In May 1985 a massed charge by Liverpool fans at rival Juventus supporters at the European Cup Final in Heysel led to 39 deaths.

There were other contributory factors including the dismal state of the ground, thoroughly inept planning by Uefa and the Belgian authorities and the inexperience of the Belgian police. But with the Sunday Times having already pronounced that football was “a slum game played by slum people in slum stadiums” the focus was on the behaviour of the Liverpool fans. Mrs Thatcher apologised to the Italian government and tried hard to force football fans to have identity cards. Thankfully, she failed.

Then, nobody could have imagined her protégé David Cameron parading his support for football, let alone taking Richard Scudamore, Premier League chief executive, on foreign trips to showcase British enterprise. This transformation of slum football into a global super brand has been well documented.

David Goldblatt’s remit is broader – to link football to the wider story of English society and he pulls off this difficult feat backed by prodigious research and a fluent writing style. In the process he reminds us that while the Premier League may be the richest League in the world the football industry as a whole is “a pygmy.” The turnover of an average Premier League club is a little more than that of an average Tesco supermarket.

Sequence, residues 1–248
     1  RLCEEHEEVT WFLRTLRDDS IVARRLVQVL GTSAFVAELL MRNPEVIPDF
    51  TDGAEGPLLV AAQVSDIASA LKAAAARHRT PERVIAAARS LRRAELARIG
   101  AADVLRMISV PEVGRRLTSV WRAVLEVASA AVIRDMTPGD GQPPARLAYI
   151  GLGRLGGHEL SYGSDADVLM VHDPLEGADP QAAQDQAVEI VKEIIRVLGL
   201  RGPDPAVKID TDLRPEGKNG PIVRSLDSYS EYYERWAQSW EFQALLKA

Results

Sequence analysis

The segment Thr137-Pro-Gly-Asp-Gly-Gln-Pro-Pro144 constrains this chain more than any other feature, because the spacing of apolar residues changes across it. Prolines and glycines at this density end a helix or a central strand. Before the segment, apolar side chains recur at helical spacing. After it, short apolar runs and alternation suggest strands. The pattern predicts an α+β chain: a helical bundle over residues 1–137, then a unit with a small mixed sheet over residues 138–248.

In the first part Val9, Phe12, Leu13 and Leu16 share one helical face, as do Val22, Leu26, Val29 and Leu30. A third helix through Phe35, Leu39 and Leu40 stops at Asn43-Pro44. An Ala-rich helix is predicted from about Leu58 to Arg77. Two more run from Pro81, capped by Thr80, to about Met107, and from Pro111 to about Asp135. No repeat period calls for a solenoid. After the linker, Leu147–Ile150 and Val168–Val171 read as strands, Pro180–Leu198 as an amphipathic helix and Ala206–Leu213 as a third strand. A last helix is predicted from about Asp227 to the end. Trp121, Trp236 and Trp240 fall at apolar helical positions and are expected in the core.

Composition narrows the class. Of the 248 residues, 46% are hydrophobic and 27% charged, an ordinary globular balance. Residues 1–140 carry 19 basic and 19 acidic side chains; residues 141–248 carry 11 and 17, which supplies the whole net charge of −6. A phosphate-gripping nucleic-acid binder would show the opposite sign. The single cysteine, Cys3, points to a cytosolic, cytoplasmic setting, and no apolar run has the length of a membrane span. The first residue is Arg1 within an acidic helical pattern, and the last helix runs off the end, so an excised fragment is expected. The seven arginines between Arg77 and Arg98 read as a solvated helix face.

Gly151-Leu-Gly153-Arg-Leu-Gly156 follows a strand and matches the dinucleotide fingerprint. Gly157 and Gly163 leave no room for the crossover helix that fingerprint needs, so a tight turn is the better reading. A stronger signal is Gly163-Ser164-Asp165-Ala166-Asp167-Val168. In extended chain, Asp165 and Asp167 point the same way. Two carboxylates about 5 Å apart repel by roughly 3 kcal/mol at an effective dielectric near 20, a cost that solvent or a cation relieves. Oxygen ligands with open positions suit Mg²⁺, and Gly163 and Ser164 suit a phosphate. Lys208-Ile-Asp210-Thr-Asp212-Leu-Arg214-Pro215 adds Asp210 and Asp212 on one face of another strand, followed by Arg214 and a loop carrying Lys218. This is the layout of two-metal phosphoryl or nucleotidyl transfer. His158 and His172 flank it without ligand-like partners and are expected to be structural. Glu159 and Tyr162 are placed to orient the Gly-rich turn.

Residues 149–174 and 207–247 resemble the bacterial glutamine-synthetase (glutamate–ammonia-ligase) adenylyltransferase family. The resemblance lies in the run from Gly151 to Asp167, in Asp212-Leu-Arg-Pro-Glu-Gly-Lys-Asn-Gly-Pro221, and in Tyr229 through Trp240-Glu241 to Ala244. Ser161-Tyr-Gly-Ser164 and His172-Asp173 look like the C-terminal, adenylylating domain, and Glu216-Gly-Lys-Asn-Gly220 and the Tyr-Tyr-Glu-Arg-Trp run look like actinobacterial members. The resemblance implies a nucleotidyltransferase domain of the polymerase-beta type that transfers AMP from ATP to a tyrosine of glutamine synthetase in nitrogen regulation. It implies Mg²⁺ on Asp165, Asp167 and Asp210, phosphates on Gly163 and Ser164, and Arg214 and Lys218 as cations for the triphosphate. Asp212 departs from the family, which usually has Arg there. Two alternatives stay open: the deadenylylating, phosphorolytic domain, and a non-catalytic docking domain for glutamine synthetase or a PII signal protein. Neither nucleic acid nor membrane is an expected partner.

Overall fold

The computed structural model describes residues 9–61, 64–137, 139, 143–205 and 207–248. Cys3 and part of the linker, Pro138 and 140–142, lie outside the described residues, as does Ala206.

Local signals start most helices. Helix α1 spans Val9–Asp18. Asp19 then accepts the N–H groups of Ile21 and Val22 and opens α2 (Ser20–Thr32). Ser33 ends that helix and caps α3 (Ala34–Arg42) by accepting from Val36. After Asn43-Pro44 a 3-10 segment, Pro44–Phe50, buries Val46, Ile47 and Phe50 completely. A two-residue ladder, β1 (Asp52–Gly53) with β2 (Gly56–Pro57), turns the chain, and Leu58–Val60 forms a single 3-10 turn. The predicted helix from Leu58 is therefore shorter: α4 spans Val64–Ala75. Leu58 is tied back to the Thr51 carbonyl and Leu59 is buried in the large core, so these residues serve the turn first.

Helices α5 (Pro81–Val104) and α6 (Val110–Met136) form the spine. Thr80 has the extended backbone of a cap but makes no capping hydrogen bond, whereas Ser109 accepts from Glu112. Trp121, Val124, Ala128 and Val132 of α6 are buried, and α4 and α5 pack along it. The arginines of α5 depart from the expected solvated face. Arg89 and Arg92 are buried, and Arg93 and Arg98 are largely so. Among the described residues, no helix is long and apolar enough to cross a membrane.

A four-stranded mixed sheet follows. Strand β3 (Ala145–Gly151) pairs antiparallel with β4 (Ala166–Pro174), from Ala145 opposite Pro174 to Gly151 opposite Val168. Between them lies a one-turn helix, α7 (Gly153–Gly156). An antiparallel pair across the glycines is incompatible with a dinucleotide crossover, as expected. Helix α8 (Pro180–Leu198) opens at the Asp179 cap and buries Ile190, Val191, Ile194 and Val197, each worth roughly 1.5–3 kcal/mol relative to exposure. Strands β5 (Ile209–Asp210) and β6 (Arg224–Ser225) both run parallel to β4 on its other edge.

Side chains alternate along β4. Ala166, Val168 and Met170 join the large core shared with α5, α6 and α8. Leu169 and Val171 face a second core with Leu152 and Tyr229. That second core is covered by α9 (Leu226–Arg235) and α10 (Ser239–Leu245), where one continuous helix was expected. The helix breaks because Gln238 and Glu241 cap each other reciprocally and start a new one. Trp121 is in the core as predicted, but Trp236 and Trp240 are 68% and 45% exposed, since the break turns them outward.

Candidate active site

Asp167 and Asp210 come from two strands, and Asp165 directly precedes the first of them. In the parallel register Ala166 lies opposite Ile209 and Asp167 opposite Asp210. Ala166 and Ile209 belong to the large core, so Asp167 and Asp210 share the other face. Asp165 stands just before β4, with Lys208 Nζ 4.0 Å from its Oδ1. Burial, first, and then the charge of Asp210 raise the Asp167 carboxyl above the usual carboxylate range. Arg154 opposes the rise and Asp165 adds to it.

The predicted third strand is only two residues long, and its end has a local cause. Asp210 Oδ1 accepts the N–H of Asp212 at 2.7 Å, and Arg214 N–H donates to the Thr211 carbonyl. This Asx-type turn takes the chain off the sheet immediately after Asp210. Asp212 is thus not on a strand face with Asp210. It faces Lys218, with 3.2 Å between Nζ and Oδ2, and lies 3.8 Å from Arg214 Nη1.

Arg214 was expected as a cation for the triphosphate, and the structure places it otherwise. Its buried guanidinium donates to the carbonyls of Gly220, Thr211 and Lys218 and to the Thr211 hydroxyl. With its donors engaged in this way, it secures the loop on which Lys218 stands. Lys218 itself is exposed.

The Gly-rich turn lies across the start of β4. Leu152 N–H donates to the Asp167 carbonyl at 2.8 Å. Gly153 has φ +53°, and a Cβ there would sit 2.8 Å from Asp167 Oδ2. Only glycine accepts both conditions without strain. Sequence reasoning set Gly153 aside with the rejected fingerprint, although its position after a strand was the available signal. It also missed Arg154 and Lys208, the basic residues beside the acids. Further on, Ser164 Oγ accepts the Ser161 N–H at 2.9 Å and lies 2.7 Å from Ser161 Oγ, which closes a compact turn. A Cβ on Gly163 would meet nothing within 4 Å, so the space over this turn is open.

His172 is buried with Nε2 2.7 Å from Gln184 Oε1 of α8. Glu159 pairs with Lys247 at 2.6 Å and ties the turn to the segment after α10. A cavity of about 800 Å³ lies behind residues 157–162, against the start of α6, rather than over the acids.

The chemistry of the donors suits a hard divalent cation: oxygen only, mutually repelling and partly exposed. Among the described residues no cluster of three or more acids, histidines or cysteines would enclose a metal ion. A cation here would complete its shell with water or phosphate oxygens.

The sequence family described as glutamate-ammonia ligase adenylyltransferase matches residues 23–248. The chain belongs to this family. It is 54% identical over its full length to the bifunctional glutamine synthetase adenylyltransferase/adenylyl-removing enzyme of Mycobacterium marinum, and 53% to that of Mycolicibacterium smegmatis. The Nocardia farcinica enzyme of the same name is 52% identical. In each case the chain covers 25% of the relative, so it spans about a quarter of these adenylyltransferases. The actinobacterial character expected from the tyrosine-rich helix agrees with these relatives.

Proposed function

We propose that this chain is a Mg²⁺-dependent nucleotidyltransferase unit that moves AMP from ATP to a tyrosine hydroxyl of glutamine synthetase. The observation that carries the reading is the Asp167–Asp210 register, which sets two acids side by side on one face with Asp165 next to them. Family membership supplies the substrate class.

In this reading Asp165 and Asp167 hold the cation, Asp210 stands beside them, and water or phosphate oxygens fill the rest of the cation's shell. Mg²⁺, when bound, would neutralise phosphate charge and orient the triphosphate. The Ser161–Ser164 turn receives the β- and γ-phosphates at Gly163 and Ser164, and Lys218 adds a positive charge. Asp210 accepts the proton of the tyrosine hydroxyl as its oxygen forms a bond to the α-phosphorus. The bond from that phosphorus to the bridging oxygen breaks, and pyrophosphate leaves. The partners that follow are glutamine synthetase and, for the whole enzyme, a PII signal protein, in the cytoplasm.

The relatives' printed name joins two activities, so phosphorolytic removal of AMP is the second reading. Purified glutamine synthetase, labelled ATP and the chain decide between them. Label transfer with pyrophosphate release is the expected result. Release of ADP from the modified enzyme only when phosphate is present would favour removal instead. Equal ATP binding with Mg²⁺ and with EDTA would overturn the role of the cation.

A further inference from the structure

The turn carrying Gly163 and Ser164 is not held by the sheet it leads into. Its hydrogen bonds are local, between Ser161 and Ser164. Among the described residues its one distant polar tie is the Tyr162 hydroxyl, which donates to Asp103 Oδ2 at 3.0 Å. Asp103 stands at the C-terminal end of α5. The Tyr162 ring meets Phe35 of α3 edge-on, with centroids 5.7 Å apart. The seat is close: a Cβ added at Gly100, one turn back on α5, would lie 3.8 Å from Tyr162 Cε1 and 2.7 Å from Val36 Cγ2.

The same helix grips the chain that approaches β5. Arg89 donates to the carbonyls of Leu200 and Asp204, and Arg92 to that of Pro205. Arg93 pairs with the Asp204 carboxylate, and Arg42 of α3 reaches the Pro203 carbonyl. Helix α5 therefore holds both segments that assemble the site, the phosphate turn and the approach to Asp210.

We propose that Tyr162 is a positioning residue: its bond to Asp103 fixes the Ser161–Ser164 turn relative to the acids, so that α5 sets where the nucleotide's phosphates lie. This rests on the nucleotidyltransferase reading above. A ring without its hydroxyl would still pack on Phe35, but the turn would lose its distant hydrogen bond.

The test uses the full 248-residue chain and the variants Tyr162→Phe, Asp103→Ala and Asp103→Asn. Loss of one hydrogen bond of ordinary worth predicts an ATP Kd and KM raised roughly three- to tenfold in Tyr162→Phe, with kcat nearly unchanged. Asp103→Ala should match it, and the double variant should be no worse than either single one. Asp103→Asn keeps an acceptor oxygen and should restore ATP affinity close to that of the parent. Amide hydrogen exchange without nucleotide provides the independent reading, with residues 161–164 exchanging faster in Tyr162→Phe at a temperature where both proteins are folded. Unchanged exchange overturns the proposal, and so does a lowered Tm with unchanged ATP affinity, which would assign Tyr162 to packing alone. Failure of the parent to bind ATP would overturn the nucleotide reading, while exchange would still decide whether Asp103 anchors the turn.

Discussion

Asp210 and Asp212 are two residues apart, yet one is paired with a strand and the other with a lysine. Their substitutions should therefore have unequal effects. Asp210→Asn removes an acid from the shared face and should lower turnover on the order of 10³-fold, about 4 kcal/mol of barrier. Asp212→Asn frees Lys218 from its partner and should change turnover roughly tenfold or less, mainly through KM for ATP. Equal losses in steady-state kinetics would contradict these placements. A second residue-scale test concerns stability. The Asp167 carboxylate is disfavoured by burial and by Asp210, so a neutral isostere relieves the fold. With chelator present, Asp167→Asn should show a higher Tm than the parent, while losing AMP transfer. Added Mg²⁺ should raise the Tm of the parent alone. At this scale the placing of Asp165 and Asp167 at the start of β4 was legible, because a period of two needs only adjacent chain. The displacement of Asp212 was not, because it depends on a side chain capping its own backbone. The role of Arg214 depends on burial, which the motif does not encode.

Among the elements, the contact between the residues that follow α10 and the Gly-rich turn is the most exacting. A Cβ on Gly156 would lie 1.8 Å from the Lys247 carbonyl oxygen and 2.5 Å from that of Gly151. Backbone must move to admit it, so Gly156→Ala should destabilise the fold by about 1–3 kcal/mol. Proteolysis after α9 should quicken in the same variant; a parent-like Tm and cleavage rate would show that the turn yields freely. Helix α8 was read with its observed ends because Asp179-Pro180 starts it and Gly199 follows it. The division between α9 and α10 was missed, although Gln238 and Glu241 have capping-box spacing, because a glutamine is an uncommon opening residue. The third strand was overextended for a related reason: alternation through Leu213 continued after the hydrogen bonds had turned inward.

And, in by far the best chapter, he does much to dent the myth that English football has solved its racism problems. We have made progress. In 1980, after a Norwich-Arsenal match, I was chased down a train with a fan shouting “hit the coon over the head with a baseball bat”, then a popular football song. Those days are long gone but Goldblatt conclusively shows that English self-congratulation is overdone.

But there are curious errors. Uefa did not ban English clubs after Heysel, the FA voluntarily withdrew them from Europe. Nor has he got the story of the Glazer take-over of Manchester United right. United fans dug their own graves by making a private quarrel over the rights to a horse between Alex Ferguson and the major shareholders, racing magnates John Magnier and JP McManus, into a fan issue. The United board’s mishandling of the issue enraged the pair and it was the board that encouraged Glazers to bid, even suggesting a price.

Nevertheless, this is a fine book which should have an appeal much beyond the game.


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